The traffic in Saigon is outrageous and its almost impossible to cross the road on the riverfront at almost any time of day.  Forty years ago it would have been largely bicycles of course, but now it’s anything with wheels and a motor.  Last time I was here I tailgated an old lady who was crossing and the traffic miraculously parted like the red sea in order to avoid her.  This time I couldn’t find an old lady, or my insurance policy to check for coverage in the event of being hit by multiple motorcycles, so I had to be satisfied with looking at the river from the other side of the road.  I finally came to terms with walking the city by staying on one side of the road and standing at intersections for some human shields to come along.

Whilst searching for a patisserie and the perfect chocolate croissant, I came across the Saigon opera house.  It’s a good looking building built by the French and it opened in 1900.  There were a number of years where is was used as a government assembly room and a temporary shelter for French civilians who were evacuated from North Vietnam, but it has been refurbished and looks brand new..


I did eventually find that cafe, with the best French pastries and whilst I was a little late in the day for them to be warm from the oven, the proprietor kindly gave them 30 seconds in the microwave.  This is my first and possibly my last picture of food on this blog – unless I find something really good to show and tell about!


And yes, I ate both of them myself….

Goodbye winter?

It’s supposed to be spring here in the southern states of Australia but despite that, we have just had very strong winds (over 120kmh) blow through and its not over yet.  It’s 10 degrees (Centigrade) today and it will be 4 degrees overnight.  There are trees down all over the place and power is a luxury again.  Unfortunately, an elderly man was playing golf at the course in the village over the weekend and was hit by a falling branch, but luckily not seriously hurt.  Thankfully, despite the rain, there is no flooding close by, although all of the dams (man made lakes) on the farms are full and the water in the nearby creek is rushing through the bush.

The best thing about this kind of weather is the justification for lighting the fire and we are really lucky to have a great fireplace in our 174 year old house.  Mind you, even in the summer we have cranked up the air-conditioning and lit the fire just to sit around it with a nice glass of red wine.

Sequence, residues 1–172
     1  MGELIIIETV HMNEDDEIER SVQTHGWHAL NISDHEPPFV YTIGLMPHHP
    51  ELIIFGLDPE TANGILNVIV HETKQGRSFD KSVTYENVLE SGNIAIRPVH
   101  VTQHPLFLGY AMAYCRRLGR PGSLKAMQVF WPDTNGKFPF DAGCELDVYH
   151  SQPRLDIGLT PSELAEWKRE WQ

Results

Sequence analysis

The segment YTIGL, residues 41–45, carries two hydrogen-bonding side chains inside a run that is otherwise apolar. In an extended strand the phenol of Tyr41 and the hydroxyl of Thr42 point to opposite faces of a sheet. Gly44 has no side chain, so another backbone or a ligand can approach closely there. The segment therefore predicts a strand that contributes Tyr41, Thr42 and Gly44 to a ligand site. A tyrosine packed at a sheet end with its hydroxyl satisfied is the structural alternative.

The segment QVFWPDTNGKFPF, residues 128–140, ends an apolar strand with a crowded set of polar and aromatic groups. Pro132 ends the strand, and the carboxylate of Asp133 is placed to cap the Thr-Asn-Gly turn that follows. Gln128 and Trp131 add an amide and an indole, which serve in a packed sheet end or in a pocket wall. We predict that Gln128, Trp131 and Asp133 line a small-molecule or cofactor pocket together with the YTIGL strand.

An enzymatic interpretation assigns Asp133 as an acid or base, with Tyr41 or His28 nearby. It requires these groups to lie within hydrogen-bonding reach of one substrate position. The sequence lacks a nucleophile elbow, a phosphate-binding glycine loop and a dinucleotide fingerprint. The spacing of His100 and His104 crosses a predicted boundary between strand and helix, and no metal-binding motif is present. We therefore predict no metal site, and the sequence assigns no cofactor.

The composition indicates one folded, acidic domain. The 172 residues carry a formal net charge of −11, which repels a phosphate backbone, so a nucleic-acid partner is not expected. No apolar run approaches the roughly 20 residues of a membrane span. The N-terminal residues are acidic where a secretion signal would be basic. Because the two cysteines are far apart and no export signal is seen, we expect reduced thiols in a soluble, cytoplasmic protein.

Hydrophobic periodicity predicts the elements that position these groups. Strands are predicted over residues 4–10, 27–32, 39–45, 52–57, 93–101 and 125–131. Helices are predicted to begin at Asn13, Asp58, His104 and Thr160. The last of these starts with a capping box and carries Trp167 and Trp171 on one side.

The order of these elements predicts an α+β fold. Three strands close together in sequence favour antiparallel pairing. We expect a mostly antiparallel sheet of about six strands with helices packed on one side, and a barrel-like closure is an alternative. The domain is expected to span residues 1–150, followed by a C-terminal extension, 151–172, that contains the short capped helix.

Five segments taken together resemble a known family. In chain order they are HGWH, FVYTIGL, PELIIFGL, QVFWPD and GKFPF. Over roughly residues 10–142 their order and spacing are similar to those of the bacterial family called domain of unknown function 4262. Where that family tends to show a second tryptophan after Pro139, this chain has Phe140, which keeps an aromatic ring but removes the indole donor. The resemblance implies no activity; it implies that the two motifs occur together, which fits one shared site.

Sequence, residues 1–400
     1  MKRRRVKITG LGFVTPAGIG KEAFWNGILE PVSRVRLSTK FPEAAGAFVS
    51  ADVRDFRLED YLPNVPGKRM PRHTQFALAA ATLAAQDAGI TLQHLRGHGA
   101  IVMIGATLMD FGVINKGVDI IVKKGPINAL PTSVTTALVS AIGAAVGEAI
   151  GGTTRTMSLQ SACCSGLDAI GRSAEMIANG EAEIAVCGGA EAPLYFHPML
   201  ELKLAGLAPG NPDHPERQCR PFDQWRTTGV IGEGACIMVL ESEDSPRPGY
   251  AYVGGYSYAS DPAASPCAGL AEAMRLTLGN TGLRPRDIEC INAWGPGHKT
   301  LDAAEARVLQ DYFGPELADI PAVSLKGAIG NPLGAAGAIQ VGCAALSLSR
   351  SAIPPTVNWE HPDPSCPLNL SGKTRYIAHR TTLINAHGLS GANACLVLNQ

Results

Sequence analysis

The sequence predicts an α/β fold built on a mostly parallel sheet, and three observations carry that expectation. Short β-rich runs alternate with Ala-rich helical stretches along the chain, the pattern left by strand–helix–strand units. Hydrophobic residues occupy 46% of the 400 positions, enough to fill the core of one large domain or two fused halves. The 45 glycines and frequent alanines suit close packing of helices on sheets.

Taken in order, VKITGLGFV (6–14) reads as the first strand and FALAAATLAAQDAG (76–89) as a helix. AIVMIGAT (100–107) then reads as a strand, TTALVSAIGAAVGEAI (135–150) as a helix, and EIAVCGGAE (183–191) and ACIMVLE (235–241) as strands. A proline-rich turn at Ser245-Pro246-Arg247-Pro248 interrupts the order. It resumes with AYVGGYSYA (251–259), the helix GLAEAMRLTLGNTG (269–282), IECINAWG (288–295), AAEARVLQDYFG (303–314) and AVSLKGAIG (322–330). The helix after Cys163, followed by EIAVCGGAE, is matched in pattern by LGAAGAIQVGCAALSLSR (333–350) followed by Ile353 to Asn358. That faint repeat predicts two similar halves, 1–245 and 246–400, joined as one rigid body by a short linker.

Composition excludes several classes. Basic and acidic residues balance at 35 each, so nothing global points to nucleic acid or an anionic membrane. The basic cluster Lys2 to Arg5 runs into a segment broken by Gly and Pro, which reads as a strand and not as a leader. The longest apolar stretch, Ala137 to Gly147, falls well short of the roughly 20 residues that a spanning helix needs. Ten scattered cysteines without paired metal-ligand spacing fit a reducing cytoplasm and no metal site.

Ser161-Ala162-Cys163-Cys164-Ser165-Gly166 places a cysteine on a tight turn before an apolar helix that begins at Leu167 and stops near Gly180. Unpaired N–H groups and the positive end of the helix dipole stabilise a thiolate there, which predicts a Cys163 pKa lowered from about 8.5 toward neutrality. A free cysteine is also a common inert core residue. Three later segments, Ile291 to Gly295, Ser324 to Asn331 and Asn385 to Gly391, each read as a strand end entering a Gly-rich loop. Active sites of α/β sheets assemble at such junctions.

The dogs love lying in front of the fire as well and we sometimes have to step around them in order to get to the sofa! That’s ‘Stampy’ – a cyclone on four legs and she just loves the fire.  She is a cross between a fox terrier, a Chihuahua and something really really naughty.  Just in case you were wondering about the Reindeer in the right hand side of the picture; we usually have Christmas in July – which for us is the depths of winter.

stampy-fire-2  The picture below was taken by our eldest daughter and shows the Christmas table decorations.


We lived in the tropics for twenty years and loved being warm, but eventually, we missed the seasons.  Foolishly, we decided to move back to somewhere more temperate and for some strange reason, we pitched up in a place with all four seasons, in a day sometimes…. That means that we will have the fire blazing and the electric blanket will be ‘on’ tonight.  There’s also a pretty good chance that a nice local Shiraz will be opened!



Thailand – a house by the river

This week, as one is wont to do, I found myself in Thailand.  It’s certainly not the first time I have been there, but it’s unusual that I have five minutes to spare, let alone take a few hours for myself.  On this trip, my meetings had been postponed, so I got in touch with an old friend, who I haven’t seen for ten years (at least) and I had the best day.  We met up early one morning after he’d dropped his daughter at the International school in Bangkok and I was already wringing wet, after having walked from the BTS station.  It wasn’t raining of course, just over 30 degrees with what felt like 1000% humidity.

Bill hadn’t changed and only his hairline had updated itself.  He was just as annoyingly tall (6′ 4′) and still had the old twinkle in his eye that I remembered when we worked together in Indonesia during the last days of the Suharto regime.  He was driving a “very Bill like” truck; a high rise (for a shortarse like me) twin cab ute complete with a snorkel, large knobbly tyres and bull bar that scared the Thai drivers into letting him edge out in the morning rush hour traffic. He’d invited me to travel up to Kanchanaburi (of the ‘Bridge over the river Kwai’ fame) and see his weekender that was in the final stages of construction.  Bill needed to inspect the curtains before paying the guy who had made them and check on the workmen who were installing the kitchen and I was delighted to be invited to tag along.